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When To Call Your Doctor While Receiving Chemotherapy


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© American Cancer Society 2010

When To Call Your Doctor When Undergoing Chemotherapy

At this time, you are likely more in tune with your body than you ever have been in your life. You notice every physical change and imbalance. Do not make light of any physical symptoms you may have.

Although some side effects are fleeting and minor, others signal potentially serious problems. You should not be the judge. Alert your doctor immediately if you suffer from any of the following symptoms during your chemotherapy treatment:

  • A fever of 100.5 'F or greater
  • Bleeding or unexplained bruising
  • A rash or allergic reaction, such as swelling or severe itching or wheezing
  • Intense chills
  • Pain or soreness at the chemo injection site or catheter site
  • Unusual pain, including intense headaches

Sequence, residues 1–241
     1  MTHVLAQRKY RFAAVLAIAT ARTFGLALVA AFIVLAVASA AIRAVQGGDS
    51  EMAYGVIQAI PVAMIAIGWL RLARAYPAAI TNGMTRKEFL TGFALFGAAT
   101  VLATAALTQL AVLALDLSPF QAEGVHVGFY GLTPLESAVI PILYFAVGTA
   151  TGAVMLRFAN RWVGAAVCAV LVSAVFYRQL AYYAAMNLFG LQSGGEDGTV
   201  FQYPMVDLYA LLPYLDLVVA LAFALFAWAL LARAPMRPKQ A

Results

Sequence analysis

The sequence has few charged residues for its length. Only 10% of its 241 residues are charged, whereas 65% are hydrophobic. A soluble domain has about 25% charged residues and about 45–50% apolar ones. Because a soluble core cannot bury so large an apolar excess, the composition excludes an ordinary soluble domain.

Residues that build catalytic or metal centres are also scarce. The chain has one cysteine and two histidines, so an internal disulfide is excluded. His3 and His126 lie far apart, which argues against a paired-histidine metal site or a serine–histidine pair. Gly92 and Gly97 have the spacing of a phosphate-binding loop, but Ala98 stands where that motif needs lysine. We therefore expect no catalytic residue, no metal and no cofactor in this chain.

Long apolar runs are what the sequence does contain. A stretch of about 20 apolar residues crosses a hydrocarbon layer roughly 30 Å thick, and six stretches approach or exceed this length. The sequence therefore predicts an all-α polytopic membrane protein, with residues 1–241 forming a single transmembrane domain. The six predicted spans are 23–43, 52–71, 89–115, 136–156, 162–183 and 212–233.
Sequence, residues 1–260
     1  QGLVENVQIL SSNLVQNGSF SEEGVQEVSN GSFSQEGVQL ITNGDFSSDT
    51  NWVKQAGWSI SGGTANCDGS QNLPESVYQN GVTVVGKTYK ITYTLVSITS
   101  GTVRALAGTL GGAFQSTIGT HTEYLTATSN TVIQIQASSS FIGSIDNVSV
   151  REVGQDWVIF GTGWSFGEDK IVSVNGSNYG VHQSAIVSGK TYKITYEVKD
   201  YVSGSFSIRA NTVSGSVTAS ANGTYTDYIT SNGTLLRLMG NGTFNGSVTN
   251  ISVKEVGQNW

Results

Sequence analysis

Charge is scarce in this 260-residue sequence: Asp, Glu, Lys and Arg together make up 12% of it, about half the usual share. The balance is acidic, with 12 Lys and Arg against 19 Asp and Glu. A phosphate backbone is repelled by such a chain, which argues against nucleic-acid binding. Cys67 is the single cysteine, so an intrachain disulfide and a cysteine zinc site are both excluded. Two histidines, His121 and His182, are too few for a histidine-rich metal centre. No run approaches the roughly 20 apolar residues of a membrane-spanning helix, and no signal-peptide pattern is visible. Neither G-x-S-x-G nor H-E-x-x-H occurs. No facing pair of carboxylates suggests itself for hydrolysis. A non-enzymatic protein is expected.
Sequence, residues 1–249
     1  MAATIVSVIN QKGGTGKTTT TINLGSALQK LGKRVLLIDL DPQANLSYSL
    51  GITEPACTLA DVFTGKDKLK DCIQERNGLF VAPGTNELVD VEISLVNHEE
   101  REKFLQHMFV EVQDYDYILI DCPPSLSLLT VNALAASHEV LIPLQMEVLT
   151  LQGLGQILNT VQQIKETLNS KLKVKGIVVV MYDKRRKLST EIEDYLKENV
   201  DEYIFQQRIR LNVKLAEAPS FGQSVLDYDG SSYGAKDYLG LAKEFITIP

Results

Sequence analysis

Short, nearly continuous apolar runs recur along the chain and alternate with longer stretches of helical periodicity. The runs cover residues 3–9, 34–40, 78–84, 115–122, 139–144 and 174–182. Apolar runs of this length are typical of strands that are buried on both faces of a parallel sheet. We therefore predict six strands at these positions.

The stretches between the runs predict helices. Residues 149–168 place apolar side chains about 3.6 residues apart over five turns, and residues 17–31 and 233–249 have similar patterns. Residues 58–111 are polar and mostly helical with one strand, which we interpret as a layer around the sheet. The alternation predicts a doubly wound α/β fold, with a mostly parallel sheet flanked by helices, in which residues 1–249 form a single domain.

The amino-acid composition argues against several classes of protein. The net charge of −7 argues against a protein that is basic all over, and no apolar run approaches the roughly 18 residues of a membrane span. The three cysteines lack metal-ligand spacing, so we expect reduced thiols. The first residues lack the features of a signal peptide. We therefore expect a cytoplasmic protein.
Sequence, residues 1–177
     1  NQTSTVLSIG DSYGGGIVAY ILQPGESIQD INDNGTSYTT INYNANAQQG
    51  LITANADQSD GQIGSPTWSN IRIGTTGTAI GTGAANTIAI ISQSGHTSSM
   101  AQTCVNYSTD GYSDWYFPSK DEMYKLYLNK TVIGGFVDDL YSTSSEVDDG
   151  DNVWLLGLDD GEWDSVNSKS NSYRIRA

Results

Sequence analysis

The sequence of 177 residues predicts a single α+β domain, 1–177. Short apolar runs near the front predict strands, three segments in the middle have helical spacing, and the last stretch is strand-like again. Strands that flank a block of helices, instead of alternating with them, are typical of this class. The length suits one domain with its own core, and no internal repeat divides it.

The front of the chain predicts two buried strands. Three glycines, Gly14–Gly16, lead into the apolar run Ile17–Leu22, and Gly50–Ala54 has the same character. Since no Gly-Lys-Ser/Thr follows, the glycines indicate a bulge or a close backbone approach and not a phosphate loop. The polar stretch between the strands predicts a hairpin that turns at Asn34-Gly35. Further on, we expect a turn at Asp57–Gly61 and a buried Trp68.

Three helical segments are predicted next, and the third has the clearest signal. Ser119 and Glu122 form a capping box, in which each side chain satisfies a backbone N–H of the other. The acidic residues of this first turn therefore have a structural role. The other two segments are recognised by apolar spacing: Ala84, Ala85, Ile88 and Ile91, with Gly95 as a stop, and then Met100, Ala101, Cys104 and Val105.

• Shortness of breath
  • Long-lasting diarrhea or vomiting
  • Bloody stool or blood in your urine

Chemo drugs can affect the bone marrow's ability to make platelets. These are the blood cells that help stop bleeding by pluggingup damaged blood vessels and by helping your blood to clot. If your blood does not have enough platelets, you may bleed or bruise more esaily than usual, even from a minor injury. A shortage of platelets is called thrombocytopenia.

When To Call Your Doctor When Your Platelets Are Low

Report these signs of thrombocytopenia to your doctor:

  • Unexpected bruising
  • Small red spots under the skin
  • Red or pink urine
  • Black or bloody bowel movements
  • Any bleeding from your gums or nose
  • Bad headaches
  • Dizziness
  • An increase in weakness
  • Pain in joints and muscles

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